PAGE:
Thursday, January 28, 2016

Expat Author Interview with Christopher James

Christopher James
Christopher James, originally from London, England, lives in Jakarta, Indonesia. Recently James has launched Jellyfish Review, an online journal devoted to innovative brief fiction.

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IMBO: Christopher, welcome to I Must Be Off! You live in Jakarta. I've been to Bali a couple times, but never anywhere else in Indonesia. Tell us about your typical day in Jakarta. 
James: Hi Christopher, thank you for having me at IMBO! I’m delighted to be here.
Your first question comes at a strange time, because only a few days ago in Jakarta we had a dozen gunmen and suicide bombers attack the centre of the city. By all accounts they mostly failed in their attempt. Some of them got lost on their way to one of the city’s busiest malls, stopped and asked for directions, and exploded themselves in the mostly empty parking lot.
Sadly, that’s not the entire story. Several innocent people were killed, and some twenty or so are in critical condition. But Jakarta has been through a lot in the last thirty or so years. They overthrew a corrupt government. They suffered bomb attacks. The entire city is literally sinking into the sea, and they keep building new skyscrapers and multi-storey malls that exacerbate the problem.
I’m not entirely sure where I’m going with this, except to say that there isn’t really any such thing as a typical day in Indonesia. People enjoy boring things here like sleeping in and visiting the shops. I teach a little every day, edit a little every day, write a little every day, swim in the sun a little every day. I grab some street meat for lunch. Everything’s covered in hot, spicy sambal. It seldom rains, but when it does it floods the streets. Most things are routine, and that extends to the things which change everything.
By the way, only a few hours after the suicide bombers came, life in Jakarta returned more or less back to normal. A line trended on Twitter – kita tidak takut. We are not afraid.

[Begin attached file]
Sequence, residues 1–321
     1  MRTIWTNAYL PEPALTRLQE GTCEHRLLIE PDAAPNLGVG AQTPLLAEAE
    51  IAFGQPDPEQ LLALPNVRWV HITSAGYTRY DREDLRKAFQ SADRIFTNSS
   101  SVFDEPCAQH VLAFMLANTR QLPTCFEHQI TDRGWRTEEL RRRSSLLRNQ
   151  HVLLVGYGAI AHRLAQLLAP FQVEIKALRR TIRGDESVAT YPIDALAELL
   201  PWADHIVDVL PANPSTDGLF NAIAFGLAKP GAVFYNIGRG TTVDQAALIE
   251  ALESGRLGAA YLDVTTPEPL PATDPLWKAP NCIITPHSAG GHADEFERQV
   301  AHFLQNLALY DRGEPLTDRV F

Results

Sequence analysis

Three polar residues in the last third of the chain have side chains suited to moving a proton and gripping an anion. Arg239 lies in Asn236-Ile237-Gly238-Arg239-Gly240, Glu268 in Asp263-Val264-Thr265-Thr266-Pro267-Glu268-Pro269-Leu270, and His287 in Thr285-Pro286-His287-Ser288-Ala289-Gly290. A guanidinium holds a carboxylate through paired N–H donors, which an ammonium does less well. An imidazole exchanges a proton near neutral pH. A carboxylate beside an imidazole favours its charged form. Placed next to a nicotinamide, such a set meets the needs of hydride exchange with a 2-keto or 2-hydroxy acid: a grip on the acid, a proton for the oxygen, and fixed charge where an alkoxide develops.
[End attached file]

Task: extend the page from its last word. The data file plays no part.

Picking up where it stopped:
IMBO: Where are you from, and how did this place shape you?
James: I’m from London, England. A lot of the old Londoners can, and do, complain about how their city has changed – how they can’t walk down the street anymore without hearing a thousand foreign voices. For me, that was the best thing about it. I’ve long been a traveller, and London is one of those special places in the world where you can trot the entire globe without leaving the city limits.
IMBO: I lived in London for a few years, so I was one of those foreign voices (American, very much from the South but mellowed over the years). I used to walk the Thames Path for hours and think; I miss that. What do you miss about London?
James: I get childishly excited whenever I see London in a movie. Those Georgian house-fronts. I miss the free museums and art galleries. I miss the outdoor performances. London is a cultural powerhouse, and it has something for everyone. I miss the second hand book markets along the Thames. I miss cheap whiskey and wine, and live music. I miss the graffiti and I miss walking through London after dark.
IMBO: How has being an expat in Indonesia shaped how you see the world? And how you write?
James: You’re unique and sexy in Indonesia if you have a pointy nose, and mine is especially fine in that regard. You’re popular if you’re tall. Everyone wants to be your friend if you can teach them the difference in pronunciation between beach and bitch, sheet and shit. There’s no doubt living here has been a bit of an ego-booster. But truthfully, I don’t know how it has shaped my writing. I like to think it has made me a better writer, but I couldn’t say for sure.
IMBO: I hear that from so many expats: that feeling of being exotic. I feel it here in Munich, Germany as well. But with that feeling comes also a twinge of alienation and discrimination. Not a week goes by—after 20 years—that I don’t have to field some comment about fat Americans, gun-toting Republicans, or weak coffee. What’s hard about being an expat in Jakarta?